Against this backdrop, there are signs of renewed interest in Congress for a federal shield law. In May, the House adopted a measure in a broad appropriations bill that would give journalists a “near-absolute shield” to protect their confidential sources. Sen. Chuck Schumer of New York has even predicted that a refined version of a shield bill, which passed the Senate Judiciary Committee in September and has the support of the Obama administration, will pass the Senate this year.
SPJ’s Cuillier says such a measure is long overdue. “With most industrialized countries having shield laws, it’s baffling that we still don’t have a federal one,” he says.
But a shield law is no guarantee that media organizations won’t have to contend with subpoenas. After all, all but two states have a statute or case law offering some protection to journalists, but a 2008 study in the Minnesota Law Review found hundreds of subpoenas issued to the media each year, with the number then on the rise. The study, based on a survey of 761 newsrooms around the country, estimated that more than 7,200 subpoenas were issued to journalists in 2006—with nearly 90 percent coming at the state level.
Is Hosey’s source really relevant?
According to the Reporters Committee, Illinois is among 37 states that have a shield law on the books. But the state’s statute provides only “qualified” protections—meaning that they can be stripped away if a court finds that the requested information is relevant, essential to protect the public interest and unavailable through any other means.
In Hosey’s case, Judge Kinney concluded that the statutory conditions for overcoming the protections had been met and ruled in favor of McKee, the criminal defendant.
Hosey’s appeal rests on a couple of key points.
First, Hosey’s legal team sees two unexplored avenues for obtaining the information: an evidentiary hearing and a court-ordered investigation, both of which were denied by Kinney. This shows that Hosey’s testimony was preferred as “a first resort, rather than a ‘last resort,’” his latest brief, filed earlier this month, states.
Second, Hosey’s appeal argues that his source’s identity has no direct relevance to the guilt or innocence of McKee. Instead, his brief states, “McKee argues for a very broad construction of ‘relevance’ … to include the possibility that a lawyer may have violated a discovery rule or that the grand jury secrecy rules may have been violated.”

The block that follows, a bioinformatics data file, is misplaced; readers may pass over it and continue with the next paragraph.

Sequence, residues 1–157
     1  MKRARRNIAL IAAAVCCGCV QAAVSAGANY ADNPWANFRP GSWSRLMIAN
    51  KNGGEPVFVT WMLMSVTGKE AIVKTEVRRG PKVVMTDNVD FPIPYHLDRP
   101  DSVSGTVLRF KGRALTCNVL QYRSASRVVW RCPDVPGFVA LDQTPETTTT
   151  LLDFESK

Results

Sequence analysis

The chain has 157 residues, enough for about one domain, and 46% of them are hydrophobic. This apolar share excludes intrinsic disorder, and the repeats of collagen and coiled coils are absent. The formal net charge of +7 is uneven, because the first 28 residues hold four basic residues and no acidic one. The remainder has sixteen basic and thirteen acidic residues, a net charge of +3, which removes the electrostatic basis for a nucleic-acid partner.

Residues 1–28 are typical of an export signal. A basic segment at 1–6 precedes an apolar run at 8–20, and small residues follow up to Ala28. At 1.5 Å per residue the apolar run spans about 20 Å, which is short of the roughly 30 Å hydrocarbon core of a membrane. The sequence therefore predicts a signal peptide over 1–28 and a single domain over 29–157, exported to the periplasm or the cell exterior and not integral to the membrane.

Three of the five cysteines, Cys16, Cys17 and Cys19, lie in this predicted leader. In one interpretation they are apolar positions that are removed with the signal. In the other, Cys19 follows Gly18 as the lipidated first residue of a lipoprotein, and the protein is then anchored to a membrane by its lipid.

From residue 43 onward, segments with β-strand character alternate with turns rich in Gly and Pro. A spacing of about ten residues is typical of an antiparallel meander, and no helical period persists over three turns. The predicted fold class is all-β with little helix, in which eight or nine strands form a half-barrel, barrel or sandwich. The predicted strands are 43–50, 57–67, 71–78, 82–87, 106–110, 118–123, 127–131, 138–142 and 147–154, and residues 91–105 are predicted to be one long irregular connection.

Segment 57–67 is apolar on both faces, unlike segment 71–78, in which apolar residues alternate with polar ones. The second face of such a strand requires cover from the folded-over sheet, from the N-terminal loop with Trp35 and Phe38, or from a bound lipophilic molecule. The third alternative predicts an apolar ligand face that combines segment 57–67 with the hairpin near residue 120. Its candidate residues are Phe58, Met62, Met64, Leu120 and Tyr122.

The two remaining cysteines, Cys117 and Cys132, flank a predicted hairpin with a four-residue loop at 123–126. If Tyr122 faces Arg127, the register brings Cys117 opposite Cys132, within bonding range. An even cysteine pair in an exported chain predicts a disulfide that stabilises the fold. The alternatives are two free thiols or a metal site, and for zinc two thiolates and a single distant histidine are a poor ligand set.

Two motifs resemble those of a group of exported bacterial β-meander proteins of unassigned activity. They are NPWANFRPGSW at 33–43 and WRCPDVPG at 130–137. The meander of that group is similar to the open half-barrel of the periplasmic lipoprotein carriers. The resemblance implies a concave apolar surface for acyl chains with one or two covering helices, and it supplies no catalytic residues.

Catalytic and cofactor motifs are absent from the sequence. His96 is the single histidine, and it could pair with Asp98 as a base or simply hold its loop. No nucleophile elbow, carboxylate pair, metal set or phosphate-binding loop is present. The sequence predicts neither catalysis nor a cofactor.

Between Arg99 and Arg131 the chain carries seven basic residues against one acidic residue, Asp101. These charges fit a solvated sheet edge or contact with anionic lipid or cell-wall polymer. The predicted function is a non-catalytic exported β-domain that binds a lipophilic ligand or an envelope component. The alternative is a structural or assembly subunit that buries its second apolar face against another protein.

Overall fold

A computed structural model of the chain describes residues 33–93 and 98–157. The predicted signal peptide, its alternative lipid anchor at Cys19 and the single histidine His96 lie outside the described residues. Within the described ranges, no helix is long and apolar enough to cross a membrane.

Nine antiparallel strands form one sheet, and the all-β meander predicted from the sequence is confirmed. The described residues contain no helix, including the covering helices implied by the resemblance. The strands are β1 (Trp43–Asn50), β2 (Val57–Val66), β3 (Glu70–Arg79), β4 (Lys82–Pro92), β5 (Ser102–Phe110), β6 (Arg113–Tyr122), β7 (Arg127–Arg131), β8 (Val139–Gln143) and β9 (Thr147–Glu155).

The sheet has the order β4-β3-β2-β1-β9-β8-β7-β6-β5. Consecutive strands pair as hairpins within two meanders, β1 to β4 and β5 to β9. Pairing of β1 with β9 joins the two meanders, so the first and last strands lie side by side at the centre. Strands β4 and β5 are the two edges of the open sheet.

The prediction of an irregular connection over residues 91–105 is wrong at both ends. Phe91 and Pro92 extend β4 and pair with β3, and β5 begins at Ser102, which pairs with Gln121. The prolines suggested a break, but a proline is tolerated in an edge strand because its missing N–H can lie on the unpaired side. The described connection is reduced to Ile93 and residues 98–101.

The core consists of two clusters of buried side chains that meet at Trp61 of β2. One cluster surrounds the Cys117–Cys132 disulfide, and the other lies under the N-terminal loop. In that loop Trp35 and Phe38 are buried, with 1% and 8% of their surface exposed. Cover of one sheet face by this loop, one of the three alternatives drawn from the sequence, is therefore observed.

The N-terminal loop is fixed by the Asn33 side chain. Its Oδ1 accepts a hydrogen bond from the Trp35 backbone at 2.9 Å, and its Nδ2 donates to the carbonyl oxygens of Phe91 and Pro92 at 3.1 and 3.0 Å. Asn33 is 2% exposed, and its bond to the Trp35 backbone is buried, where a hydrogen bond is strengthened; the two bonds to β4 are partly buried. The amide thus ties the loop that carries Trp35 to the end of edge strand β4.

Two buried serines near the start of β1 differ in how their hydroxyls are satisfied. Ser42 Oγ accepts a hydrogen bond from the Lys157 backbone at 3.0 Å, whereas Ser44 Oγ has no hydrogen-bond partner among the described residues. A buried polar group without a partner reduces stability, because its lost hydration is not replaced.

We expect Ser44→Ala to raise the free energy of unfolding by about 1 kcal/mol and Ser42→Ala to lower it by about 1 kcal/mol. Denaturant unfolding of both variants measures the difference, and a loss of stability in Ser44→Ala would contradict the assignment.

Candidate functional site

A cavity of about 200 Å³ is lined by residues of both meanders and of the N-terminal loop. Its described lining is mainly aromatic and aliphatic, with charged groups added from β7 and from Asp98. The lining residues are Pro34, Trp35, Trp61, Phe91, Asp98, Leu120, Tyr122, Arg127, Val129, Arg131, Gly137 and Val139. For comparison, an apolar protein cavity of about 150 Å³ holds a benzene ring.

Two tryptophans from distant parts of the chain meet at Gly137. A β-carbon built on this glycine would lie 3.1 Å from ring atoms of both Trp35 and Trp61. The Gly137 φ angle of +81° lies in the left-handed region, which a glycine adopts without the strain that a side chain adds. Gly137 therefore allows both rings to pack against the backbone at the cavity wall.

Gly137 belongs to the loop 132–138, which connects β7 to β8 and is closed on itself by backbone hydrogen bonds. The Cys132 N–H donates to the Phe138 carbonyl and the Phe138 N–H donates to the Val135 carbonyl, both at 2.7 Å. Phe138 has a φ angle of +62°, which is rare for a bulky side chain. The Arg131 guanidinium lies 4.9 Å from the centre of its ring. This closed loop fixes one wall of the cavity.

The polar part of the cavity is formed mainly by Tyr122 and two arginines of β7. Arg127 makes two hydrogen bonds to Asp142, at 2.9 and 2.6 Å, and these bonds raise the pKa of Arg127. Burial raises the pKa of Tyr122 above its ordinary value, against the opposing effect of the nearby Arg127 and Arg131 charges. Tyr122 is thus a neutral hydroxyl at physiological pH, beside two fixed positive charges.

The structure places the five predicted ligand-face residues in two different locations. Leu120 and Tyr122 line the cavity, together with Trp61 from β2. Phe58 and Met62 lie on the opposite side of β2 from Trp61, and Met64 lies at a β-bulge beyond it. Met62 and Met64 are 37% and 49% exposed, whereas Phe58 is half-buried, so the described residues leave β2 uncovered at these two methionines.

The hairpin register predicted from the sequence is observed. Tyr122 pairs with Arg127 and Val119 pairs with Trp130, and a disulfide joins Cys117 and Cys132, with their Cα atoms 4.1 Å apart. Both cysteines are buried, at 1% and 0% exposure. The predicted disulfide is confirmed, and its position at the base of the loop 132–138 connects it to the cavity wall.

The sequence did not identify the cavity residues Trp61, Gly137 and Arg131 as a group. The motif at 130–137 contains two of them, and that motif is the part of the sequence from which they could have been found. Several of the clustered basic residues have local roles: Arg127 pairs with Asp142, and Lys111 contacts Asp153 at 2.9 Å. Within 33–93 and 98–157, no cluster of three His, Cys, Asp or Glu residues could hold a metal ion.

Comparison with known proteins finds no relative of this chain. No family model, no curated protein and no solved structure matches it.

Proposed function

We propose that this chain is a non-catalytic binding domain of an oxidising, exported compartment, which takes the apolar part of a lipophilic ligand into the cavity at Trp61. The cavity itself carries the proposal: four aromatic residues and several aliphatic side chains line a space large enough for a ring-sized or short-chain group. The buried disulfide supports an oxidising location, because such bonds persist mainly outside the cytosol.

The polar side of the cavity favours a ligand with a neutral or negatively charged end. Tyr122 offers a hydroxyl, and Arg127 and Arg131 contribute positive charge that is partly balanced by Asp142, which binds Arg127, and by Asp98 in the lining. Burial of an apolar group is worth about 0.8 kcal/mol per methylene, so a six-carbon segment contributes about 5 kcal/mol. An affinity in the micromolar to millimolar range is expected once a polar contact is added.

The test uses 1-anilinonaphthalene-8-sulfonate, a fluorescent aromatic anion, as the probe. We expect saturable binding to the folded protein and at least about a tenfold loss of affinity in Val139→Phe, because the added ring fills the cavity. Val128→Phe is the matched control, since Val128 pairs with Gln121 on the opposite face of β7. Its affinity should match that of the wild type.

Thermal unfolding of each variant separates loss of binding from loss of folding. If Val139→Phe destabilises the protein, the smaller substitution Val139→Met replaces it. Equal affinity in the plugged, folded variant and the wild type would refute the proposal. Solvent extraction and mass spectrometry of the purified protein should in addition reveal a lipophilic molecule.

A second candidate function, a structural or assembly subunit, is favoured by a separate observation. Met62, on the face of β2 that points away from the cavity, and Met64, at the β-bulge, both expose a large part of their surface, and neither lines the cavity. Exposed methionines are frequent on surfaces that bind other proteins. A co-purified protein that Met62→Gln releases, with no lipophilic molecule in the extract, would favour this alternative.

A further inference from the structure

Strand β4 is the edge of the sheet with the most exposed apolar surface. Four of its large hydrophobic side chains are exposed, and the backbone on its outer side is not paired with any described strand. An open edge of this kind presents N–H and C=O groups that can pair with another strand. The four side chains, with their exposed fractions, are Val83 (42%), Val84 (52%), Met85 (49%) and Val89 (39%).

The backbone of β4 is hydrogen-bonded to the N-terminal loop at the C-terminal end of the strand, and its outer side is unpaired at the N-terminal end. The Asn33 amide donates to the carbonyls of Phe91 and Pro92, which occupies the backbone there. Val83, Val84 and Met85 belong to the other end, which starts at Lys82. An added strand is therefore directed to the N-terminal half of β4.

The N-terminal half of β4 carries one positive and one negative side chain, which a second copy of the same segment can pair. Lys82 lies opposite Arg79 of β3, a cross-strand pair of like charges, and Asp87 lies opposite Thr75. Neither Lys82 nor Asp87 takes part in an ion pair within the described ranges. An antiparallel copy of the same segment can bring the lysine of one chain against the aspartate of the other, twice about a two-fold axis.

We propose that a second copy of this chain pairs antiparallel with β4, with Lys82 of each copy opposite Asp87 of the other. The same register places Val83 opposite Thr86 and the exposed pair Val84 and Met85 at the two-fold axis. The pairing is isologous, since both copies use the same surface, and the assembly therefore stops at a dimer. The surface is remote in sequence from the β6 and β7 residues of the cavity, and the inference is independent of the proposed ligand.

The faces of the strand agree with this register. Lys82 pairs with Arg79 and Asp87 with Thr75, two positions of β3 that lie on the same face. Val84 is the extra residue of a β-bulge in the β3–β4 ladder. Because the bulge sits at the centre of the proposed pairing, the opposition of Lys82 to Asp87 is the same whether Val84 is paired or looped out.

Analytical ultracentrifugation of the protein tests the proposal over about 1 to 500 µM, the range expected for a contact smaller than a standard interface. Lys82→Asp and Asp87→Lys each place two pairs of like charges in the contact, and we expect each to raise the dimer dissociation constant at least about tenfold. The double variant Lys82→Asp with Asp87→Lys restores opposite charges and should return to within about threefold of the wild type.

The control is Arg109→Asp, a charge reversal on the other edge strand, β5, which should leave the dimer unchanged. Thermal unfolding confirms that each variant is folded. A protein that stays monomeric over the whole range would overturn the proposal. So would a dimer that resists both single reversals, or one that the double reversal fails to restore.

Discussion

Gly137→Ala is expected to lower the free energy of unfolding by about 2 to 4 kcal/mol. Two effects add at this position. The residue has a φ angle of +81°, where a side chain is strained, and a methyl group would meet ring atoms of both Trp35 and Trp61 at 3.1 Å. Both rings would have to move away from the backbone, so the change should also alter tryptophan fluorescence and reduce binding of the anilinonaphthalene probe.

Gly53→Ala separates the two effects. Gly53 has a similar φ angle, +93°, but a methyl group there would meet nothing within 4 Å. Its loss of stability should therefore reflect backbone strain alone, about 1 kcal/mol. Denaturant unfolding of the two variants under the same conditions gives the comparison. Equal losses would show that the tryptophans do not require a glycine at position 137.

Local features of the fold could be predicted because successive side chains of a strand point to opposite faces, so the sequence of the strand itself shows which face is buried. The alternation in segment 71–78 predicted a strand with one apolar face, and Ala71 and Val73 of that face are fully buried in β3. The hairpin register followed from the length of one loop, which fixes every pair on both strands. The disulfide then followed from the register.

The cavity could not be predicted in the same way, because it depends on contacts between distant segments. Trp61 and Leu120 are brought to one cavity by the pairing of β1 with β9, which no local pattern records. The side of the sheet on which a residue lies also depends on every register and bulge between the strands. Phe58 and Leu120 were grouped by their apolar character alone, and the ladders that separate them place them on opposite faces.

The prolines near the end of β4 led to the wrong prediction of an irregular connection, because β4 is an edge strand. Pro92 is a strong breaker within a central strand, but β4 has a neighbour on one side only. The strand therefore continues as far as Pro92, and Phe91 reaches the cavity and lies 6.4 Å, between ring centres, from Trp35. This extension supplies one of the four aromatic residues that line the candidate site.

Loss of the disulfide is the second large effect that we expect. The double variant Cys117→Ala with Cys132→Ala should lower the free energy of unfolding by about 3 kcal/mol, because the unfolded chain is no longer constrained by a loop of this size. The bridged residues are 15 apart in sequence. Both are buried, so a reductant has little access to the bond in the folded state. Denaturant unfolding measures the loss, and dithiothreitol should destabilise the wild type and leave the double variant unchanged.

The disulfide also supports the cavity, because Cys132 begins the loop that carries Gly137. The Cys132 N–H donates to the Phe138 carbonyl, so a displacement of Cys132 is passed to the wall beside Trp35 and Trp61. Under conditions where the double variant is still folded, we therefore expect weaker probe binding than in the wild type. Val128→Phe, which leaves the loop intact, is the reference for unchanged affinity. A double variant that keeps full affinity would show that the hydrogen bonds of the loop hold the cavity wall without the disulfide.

On this point, McKee’s lawyers cite Kinney’s ruling: “The issue of relevancy is not essentially limited to relevancy for trial issues.” They add: “To suggest that violations of court rules have nothing to do with the merits of the case or defense is shortsighted.”
But Hosey contends that McKee’s claim is undermined by her own decision to opt for a bench trial and request for an expedited schedule—effectively ensuring that a verdict in her murder trial, now anticipated on Aug. 29, will come in well before Hosey’s appeal concludes.
McKee’s attorneys could not be reached for comment for this story.
For its part, the Reporters Committee, in its amicus brief, argues that Hosey’s reporting was based on “presumptively public records” in the first place. Says Leslie: “The information … should have been in a public police report anyway, and they are now trying to figure out who passed on what should’ve been a public report. It just seems absurd to threaten a journalist with contempt to get that kind of information.” (In its appellate filing, the McKee’s camp argued that, while journalists routinely obtain “arrest reports,” they “do not obtain the full police reports of pending charges, including confessions, toxicology reports and grizzly details of the crimes, such as sex on top of dead bodies.” The state’s attorney’s office, meanwhile, sided with Hosey on the reporter’s privilege question but called the release of the police reports “regrettable.”)
In any case, the Reporters Committee’s brief also warns that Illinois’ shield law would be “rendered useless” if Kinney’s ruling were allowed to stand. “The claims of perjury [in the sworn affidavits] and the resulting interest in impeaching potential witnesses arose out of the affidavit process,” it notes. “In the future, a party who seeks privileged information from a reporter will merely have to obtain affidavits from anyone who could possibly be the source, then declare that someone must have lied and, therefore, insist that unmasking the source is necessary. … This is a complete misuse of the statute.”
That’s an argument intended to convince the appeals court to overturn the ruling against Hosey. Of course, if the case goes the other way, it could be a prediction of what’s to come—a weakened state shield law that shifts attention back again to a federal response.